Total Miles: 2346.4
There's an expression in sports, embraced by coaches and players alike, that can start to sound rehearsed, robotic even, if you listen to enough postgame press conferences: “It's a process. Trust the process.” Pick your favorite sport, collegiate or professional, and there's bound to be no shortage of coaches among its ranks that preach an emphasis on “the process.”
The idea is a simple one. Much of what athletes are trying to accomplish requires equal doses of sustained commitment and focus, and the best way to ensure that is to remove from the psyche any thought of the finish line. It's a method of keeping the mind in the present. Anything bigger than that becomes a self-defeating prophecy that undercuts the chances of success. Or so the thinking goes.
The season of any major sport is long, a marathon of marathons where it pays to focus on the here and now and nothing more. Remove the competitive aspect—and increase the number of marathons to roughly 100–and voila, you have yourself a perfect parallel to thru-hiking a long trail.
Big things are often too big for our brains and bodies to be successful at, which is where the the idea behind “the process” comes in. No one can successfully motivate themselves to hike across the country by continually dangling the carrot of the impossibly distant border in their minds day after day after day. Instead, we break it into successively smaller distances and milestones that do seem attainable. The next town stop, the next climb, the next water source, the next snack. Taken as a whole, they are merely a set of motions that need to be repeated over and over again until the goal materializes before you even have a chance to realize how it has managed to magically appear right in front of you. That's “the process.”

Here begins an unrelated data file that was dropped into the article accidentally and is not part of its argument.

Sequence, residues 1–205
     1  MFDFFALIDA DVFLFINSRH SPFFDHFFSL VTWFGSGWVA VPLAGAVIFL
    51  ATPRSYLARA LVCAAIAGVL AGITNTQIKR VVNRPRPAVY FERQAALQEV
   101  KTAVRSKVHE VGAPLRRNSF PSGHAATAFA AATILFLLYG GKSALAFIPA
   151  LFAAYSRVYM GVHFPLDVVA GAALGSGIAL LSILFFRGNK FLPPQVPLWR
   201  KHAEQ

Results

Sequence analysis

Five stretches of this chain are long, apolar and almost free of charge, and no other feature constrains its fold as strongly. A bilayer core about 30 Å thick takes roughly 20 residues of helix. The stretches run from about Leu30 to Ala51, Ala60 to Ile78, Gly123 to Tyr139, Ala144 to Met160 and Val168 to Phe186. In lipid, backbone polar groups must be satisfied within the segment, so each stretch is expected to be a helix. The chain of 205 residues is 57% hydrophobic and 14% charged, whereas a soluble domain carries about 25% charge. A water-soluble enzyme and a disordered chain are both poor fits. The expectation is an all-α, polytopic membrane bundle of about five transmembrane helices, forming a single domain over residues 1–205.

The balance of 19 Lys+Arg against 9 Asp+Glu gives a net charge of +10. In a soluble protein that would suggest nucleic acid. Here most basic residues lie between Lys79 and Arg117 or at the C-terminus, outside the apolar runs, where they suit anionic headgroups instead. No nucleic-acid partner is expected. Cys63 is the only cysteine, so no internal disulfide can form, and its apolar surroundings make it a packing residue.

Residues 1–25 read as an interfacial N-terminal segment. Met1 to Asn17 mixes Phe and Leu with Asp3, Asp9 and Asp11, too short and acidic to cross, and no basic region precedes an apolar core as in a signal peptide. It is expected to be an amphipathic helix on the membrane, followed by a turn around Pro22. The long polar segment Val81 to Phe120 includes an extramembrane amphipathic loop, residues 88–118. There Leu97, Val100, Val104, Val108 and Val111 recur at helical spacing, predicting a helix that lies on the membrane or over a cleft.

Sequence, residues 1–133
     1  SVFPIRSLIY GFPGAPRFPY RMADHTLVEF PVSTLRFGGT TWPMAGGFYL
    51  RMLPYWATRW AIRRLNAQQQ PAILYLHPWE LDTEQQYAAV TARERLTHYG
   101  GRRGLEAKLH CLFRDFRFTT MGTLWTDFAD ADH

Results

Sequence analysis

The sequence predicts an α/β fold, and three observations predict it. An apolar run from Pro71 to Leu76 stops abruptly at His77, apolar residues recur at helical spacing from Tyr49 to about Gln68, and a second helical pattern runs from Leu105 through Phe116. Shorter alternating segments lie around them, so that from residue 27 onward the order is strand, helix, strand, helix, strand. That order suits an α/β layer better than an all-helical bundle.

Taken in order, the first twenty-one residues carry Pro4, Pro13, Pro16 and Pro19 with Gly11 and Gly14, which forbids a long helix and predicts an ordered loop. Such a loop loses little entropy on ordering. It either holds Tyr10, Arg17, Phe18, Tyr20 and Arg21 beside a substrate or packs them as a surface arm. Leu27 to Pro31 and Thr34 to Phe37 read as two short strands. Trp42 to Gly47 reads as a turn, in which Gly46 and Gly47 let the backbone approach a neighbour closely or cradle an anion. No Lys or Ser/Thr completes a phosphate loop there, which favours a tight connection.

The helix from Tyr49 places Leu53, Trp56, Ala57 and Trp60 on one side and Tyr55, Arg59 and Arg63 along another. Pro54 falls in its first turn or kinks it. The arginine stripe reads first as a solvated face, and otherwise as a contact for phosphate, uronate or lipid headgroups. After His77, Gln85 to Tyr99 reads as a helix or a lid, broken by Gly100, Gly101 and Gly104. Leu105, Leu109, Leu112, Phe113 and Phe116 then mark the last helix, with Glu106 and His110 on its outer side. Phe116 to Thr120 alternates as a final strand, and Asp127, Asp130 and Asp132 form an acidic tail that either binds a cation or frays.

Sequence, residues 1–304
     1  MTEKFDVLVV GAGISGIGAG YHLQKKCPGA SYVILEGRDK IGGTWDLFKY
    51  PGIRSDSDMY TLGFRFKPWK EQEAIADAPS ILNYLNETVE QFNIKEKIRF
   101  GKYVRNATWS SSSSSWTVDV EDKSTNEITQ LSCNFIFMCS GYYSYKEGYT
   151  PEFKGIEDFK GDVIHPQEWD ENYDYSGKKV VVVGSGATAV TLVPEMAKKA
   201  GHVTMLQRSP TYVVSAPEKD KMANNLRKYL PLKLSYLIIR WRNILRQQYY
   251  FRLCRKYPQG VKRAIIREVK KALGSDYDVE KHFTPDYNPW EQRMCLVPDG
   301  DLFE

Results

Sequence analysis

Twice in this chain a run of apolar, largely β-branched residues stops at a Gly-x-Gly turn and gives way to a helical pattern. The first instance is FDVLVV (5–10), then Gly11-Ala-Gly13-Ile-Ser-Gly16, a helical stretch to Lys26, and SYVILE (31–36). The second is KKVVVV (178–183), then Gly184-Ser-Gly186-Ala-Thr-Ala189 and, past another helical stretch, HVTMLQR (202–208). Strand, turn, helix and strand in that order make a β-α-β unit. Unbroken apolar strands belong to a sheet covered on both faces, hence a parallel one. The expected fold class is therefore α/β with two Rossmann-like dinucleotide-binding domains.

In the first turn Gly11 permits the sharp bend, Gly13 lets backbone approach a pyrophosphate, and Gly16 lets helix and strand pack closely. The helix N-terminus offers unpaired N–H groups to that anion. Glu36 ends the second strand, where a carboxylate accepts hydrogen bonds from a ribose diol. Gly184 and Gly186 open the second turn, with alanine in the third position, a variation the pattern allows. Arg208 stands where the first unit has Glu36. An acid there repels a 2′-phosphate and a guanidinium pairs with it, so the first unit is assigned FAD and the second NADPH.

We’ve been living that process for four and a half months now, trusting that it will ultimately lead us all the way to the trail’s end. And when dawn came today, the calendar having turned to the month of November, we realized for the first time how soon that process would make good on its promise. Less than a week from today, there will be no more steps to take and no more trail to follow.
It starts to dawn on me most clearly when I realize that I'm at the beginning of a series of “lasts”. The last zero day, the last town stop, the last (fill in a day of the week), the last night in a tent. Before long, the string of “lasts” will multiply into an avalanche before coming to an abrupt end.
As we climbed ever higher to kiss 8,000 feet for the final time, the higher slopes of Burro Peak opened into a beautiful Ponderosa forest with a thickly covered floor of needles. When we rounded the summit and paused to watch a small tarantula move gracefully along the trail, I looked back at the pines that were about to retreat from our view in a matter of minutes. This would be today’s “last”: the last time we'll likely see such a forest of lovely trees on this trail.
Down to the desert floor we went to join the legions of juniper and cacti carpeting the rolling flatlands that will take us the rest of the way. With the upcoming miles as dry as you might expect, our friend Dean was kind enough to drive out from Silver City and cache a couple gallons of water that will be our final source for the next 30 miles until the town of Lordsburg.
Walking away with our load of water, my brain struggled to accept the now early fading light, courtesy of the end of daylight saving time. The sun began to melt into the horizon, soon to be replaced by an almost equally bright moon. Beneath the boughs of a giant alligator juniper, moonlight shadows spill from every bush and plant that I can see from the door of the tent. Not the last time I'll enjoy that sight on this trail, but it will be soon.